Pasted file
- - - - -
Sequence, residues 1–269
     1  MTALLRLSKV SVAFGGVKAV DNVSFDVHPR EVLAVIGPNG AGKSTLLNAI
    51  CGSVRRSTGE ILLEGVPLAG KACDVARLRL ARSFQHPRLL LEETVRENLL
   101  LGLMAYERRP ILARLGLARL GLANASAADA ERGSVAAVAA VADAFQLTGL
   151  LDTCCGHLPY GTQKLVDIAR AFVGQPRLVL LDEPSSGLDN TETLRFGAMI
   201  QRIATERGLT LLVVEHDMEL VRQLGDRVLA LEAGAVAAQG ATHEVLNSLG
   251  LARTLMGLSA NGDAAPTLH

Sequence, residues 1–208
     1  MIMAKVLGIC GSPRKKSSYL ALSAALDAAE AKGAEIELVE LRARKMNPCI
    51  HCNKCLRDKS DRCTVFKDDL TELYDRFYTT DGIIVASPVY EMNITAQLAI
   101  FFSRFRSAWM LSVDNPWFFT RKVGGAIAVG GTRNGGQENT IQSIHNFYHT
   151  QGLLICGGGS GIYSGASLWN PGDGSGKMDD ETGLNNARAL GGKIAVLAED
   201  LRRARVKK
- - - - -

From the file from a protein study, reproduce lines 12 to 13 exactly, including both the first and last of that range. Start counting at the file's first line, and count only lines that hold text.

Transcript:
   151  QGLLICGGGS GIYSGASLWN PGDGSGKMDD ETGLNNARAL GGKIAVLAED
   201  LRRARVKK